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18th ASOG serving only the best in close-air support training missions

by Nick Stubbs
Thunderbolt staff writer

An A-10 tank buster maneuvers low over wooded terrain, as it approaches its target. Emerging into a clearing, a small village appears exactly where the pilot expected it to be. Special Forces are on the ground painting the target with a laser.

The strike must be precise, as the target, a mobile missile launcher, is nestled amongst civilian housing and buildings. Minimizing collateral damage is part of the mission criteria. Armed and ready the A-10 closes, releases a laser-guided bomb and the target is squarely hit. But there is no explosion. There are no flames - just the dull thud of an unarmed bomb piercing the wooden missile launcher and stopping dead in the sandy soil.

This mission wasn't over Iraq or Afghanistan. It was at Avon Park and the 18th Air Support Operations Group's Detachment 1 gets the credit for making it as close to the real thing as can be achieved outside of combat. Based at MacDill, the new 18th ASOG, Detachment 1, which until Oct. 1 operated under the banner of the 347th Rescue Wing, has the critical job of training pilots for air combat and the pride and expertise is in delivering an experience as close as possible to a real battle scenario, said Lt. Col. Stamp Walden, commander.

An F-117 pilot tapped for the training job and to carry the detachment into its expanded role as a close-air operations training unit, Colonel Walden flew combat missions in operations Desert Storm and Enduring Freedom. He also played a support role in Operation Iraqi Freedom, making him an ideal candidate for heading up a group whose goal is to prepare pilots and aircrews for the critical job of modern-day air support.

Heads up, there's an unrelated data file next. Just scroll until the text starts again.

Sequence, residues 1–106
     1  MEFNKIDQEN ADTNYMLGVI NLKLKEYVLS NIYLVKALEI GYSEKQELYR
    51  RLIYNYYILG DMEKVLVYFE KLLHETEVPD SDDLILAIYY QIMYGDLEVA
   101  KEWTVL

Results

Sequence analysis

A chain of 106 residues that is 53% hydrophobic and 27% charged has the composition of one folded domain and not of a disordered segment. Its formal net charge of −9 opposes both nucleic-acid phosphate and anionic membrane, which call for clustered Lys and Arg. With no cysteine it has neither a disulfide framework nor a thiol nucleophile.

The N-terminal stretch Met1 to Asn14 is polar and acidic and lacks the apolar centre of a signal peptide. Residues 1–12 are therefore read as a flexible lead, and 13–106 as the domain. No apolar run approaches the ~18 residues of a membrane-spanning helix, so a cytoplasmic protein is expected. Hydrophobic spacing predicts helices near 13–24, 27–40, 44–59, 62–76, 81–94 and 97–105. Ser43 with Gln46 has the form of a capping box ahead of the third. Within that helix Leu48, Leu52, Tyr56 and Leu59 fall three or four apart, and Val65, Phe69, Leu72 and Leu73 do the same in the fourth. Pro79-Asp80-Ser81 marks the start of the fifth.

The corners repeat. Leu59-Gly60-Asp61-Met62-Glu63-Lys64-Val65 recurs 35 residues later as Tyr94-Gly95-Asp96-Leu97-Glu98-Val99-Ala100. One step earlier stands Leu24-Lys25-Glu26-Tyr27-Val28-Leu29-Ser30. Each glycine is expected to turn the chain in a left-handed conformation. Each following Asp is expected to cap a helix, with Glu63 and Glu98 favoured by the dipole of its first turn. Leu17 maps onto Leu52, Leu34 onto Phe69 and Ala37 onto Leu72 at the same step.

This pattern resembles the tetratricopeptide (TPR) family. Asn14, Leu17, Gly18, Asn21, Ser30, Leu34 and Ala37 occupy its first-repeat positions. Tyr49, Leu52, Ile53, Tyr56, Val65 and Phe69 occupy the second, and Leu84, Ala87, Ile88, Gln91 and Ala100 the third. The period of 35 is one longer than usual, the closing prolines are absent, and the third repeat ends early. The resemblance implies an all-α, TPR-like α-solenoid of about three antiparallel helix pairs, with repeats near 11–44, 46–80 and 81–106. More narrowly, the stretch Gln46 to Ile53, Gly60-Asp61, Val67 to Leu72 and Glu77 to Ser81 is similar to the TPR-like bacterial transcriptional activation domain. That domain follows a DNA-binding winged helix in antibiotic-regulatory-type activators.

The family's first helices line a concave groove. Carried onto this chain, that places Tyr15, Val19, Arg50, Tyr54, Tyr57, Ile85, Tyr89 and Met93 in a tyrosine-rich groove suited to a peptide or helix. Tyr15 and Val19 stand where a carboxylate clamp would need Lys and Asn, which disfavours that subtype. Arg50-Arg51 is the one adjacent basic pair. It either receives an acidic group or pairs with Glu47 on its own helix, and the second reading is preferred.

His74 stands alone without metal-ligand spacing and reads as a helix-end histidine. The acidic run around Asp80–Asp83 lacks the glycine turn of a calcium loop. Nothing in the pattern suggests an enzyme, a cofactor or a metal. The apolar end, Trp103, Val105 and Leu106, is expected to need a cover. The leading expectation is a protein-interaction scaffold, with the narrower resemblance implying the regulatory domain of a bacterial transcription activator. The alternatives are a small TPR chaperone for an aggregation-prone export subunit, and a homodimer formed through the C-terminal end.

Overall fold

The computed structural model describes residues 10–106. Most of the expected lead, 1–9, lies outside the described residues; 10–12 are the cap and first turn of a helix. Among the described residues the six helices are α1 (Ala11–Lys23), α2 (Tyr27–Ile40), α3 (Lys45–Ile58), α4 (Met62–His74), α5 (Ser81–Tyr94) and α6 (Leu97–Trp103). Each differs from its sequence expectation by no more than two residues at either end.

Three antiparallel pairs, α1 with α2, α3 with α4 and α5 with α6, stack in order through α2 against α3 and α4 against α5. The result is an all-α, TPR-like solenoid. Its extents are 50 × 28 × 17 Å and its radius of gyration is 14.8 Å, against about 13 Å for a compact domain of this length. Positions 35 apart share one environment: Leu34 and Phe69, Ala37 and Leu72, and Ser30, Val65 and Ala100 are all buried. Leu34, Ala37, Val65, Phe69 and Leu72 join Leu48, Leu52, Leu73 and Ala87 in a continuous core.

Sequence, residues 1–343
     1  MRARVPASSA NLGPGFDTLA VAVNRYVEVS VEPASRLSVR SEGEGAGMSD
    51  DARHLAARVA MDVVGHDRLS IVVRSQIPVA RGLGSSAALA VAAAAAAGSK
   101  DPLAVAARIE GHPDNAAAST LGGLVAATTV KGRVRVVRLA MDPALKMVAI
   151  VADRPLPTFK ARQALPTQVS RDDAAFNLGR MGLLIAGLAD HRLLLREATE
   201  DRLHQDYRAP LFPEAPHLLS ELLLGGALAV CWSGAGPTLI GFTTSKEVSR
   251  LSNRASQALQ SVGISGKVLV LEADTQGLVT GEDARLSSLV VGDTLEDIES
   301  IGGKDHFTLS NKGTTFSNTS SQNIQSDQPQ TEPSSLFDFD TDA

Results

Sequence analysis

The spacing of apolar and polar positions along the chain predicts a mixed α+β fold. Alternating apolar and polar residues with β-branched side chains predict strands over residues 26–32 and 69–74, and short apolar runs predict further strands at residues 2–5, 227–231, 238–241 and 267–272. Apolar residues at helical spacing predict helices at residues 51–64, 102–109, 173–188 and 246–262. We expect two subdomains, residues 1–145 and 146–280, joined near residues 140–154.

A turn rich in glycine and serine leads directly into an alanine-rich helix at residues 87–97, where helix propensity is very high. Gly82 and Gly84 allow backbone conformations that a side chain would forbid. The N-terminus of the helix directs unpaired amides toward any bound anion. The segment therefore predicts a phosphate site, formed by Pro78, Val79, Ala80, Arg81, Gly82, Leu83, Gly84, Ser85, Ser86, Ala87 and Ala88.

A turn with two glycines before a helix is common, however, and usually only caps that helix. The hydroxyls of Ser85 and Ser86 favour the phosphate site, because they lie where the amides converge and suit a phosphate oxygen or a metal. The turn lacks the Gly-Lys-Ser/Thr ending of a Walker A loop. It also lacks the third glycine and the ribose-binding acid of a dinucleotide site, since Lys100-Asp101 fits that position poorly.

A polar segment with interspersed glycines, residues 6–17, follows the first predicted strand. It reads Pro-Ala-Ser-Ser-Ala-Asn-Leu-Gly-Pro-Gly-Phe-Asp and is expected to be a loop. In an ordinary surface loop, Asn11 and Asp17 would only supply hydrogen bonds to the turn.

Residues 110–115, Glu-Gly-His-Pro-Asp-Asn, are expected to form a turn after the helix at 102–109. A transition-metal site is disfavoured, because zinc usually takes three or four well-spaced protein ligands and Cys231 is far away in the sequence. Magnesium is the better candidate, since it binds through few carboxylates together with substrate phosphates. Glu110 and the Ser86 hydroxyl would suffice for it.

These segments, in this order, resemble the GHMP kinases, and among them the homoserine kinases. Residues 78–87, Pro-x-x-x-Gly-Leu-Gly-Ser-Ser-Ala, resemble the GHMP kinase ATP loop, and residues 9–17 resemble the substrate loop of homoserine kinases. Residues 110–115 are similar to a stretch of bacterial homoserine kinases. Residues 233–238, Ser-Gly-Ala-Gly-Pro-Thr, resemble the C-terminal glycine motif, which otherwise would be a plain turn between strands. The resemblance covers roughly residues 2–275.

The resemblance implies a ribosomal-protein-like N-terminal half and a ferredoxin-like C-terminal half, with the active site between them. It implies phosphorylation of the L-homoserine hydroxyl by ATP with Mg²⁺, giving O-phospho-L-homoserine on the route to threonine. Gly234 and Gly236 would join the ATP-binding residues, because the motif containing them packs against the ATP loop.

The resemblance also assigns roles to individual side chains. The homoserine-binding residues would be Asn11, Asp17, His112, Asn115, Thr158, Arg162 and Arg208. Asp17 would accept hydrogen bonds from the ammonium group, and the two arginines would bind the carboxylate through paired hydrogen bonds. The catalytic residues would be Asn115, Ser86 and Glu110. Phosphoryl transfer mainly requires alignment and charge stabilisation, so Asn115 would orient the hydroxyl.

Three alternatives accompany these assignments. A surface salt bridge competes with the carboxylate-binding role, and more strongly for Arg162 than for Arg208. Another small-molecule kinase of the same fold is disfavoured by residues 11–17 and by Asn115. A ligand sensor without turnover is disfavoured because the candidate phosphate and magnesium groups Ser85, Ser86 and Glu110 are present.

"The most critical part is providing the most realistic experience possible," said Colonel Walden. "You train like you fight."

Walden said the shift to close-air support training is something that has emerged in recent years. The priorities really shifted with Sept .11, 2001, he said, as the military examined the types of operations required for dealing with terrorist, who often use civilian buildings and populations as shields. The tactic makes the job of the U.S. more difficult, but as was illustrated with the pinpoint strikes of targets during Operation Iraqi Freedom, air power was able to support troops on the ground without the collateral damage typical of the past. Such tactics are the way of the future, said Colonel Walden, and we are getting better through training and the use of increasingly sophisticated weapons. That's where the 18th and Avon Park play important roles. MacDill is key in the equation, as well, being the support center the 18th needs to run operations as the Deployed Unit Complex, from where units deployed for Avon training meet, schedule and plan.

"We rely on MacDill for support from administration to safety to security, legal and finance," said Colonel Walden. "We couldn't do what we do without MacDill."

The relationship between MacDill and the detachment of the 18th ASOG is unique, said Dick Cutshall,, who is Colonel Walden's deputy and operation officer and airspace manager for the detachment.